• Sarah Chayes

Which Crime, What Punishment?



This post expands on some of the thinking in an earlier one,Shame on Them.” I’m trying to get at the issue of how our society doles out consequences for harmful actions – or doesn’t. Forgive me for retreading some well-worn ground, but the following facts still seem to call for contemplation.


No senior executive of any of the institutions responsible for the 2008 financial crisis has faced prosecution, though there were millions of victims. The wrongdoing cost nearly eight million Americans their jobs and another four million per year, for several years, their homes. The government laid out approximately $73 b. of our money in emergency cash bailouts to many of the offending institutions themselves. Yet no top manager has been punished – in fact many were rewarded. Their salaries continued to dwarf the rest of the private sector by proportions not seen in America since the Gilded Age. Their bonuses – part of the incentive structure that encouraged the wrongdoing in the first place – kept rolling in. The federal government, which normally should have imposed a penalty on behalf of the millions of citizens who were wronged, instead awarded several of the culprits senior positions in its ranks, a privilege that allowed them to design the conditions that would be applied to their former institutions.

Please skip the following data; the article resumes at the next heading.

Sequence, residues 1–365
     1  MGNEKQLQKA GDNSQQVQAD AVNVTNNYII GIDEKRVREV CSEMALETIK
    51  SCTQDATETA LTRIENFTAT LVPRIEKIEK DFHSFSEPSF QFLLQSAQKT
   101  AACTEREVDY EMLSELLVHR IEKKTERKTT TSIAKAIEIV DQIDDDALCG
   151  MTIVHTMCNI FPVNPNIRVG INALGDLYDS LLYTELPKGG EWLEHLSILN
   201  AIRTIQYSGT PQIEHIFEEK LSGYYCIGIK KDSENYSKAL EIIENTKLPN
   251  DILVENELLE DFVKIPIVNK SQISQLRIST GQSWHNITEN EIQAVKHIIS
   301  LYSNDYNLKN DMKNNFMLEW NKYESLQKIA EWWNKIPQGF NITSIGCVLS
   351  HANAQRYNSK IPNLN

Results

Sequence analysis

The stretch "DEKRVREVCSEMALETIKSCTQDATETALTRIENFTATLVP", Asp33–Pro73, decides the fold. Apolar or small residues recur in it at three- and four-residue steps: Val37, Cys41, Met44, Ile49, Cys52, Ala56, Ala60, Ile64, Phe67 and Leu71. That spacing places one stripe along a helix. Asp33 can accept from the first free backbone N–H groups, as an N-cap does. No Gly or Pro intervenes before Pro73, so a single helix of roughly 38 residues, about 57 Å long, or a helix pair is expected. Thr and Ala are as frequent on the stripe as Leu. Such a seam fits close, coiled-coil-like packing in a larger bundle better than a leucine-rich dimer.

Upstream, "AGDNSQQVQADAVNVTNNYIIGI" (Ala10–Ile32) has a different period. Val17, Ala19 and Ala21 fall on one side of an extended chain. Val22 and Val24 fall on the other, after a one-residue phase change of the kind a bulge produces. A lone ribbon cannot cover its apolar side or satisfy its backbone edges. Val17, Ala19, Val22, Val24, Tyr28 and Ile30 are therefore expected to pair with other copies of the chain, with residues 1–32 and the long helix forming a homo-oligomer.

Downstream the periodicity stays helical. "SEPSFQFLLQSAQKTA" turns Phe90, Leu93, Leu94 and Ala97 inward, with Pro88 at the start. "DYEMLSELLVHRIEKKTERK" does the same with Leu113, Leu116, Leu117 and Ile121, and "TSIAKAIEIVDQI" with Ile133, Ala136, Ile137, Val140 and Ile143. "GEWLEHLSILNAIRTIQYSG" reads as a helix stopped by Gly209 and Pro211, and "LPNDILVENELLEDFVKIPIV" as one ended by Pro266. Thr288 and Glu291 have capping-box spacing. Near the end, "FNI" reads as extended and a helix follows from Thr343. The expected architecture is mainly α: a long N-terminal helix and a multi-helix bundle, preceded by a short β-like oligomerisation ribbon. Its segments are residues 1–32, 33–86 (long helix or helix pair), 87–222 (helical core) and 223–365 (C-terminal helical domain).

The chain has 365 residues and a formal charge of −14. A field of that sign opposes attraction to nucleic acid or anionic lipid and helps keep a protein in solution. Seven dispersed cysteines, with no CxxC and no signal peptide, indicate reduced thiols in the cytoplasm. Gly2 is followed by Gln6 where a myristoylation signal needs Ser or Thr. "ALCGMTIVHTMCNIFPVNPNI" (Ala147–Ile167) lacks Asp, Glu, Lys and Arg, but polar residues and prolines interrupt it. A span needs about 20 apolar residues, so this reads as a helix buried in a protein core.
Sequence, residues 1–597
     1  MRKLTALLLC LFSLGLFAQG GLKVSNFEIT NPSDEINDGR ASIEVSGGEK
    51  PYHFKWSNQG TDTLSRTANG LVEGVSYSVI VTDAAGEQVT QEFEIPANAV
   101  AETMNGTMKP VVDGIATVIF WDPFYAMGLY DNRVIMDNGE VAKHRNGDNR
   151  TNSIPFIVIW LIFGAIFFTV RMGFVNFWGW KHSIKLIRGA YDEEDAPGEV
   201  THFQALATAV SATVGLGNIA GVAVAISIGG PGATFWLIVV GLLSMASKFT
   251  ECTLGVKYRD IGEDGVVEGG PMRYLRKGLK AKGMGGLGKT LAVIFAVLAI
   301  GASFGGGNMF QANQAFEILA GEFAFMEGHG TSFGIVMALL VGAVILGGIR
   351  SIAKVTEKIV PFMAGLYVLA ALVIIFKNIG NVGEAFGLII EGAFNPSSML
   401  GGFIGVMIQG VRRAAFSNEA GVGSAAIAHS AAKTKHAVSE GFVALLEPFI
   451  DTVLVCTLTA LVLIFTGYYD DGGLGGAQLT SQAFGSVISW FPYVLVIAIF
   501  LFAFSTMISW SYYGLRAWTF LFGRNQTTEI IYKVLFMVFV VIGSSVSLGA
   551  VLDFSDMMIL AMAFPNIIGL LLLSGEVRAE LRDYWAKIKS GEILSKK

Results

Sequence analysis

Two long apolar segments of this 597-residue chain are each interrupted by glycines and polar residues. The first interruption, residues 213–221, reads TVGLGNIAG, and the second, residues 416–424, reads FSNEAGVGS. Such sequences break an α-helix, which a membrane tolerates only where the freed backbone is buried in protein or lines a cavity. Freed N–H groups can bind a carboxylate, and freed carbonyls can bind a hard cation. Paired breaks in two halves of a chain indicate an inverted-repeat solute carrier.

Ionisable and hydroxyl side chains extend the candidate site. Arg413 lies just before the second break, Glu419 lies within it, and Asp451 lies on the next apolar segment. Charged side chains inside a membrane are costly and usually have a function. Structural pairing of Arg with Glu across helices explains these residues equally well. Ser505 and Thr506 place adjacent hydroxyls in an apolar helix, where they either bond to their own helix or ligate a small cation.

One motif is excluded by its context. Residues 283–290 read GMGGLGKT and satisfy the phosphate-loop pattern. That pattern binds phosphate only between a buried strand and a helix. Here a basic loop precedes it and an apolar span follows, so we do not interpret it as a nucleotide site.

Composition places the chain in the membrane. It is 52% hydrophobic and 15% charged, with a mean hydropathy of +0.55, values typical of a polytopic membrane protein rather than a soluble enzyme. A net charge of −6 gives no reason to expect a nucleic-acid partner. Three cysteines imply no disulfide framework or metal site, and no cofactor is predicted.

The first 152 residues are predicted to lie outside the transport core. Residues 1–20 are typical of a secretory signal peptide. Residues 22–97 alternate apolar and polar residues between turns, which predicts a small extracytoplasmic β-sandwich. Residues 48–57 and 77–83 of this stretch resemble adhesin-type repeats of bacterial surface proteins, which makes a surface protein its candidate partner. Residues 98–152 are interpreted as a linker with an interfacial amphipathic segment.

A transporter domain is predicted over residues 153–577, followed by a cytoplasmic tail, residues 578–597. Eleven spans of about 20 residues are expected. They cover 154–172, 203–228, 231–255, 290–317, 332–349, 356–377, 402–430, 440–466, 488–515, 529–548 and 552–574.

The failure to bring any of the perpetrators of this colossal crime to justice is not merely wrong in the abstract, it has damaged the fabric of this nation in insidious and lasting ways.


Here’s a surprising example. A friend of mine, a former Federal Reserve governor and top Treasury official, has been wondering what contributes to the resiliency of an economy. What factors make it more likely to rebound from such disasters as 2008? Her economist’s mind, she told me, tended toward fiscal, economic, and regulatory considerations -- monetary supply, capital cushions, that kind of thing. But as she discussed the issue in different settings around the country, she kept getting interrupted: ‘But no one has gone to jail,’ someone would object. My friend would listen, wondering ‘What does that have to do with economic resilience?’ Still, she took the repeated comment to heart. Among other factors, she concluded, justice – and in this case punishment – has an unseen but real bearing on the health of an economy. (She will be writing about this herself, before long.)


A more obvious impact is on the tissue of values and principles that bind a society together.

A community imposes punishment for many reasons: to exact retribution or payment, even if symbolic, that may compensate for damage done; to deter wrongdoers from repeating the act or others from copying it; and so on.


Another purpose of punishment may be to broadcast to the community as a whole where, collectively, it draws the lines. What does this community consider acceptable behavior – what is “right” -- and what does it label “wrong?” Some core elements of these value judgments are quite universal: murder of group-members is almost always severely punished, as is incest, or free-riding on others’ contributions to the common welfare. Other values may differ from community to community and change over time. No list of commandments, no ethics classes in school or on the job spell them out better than what actually gets punished.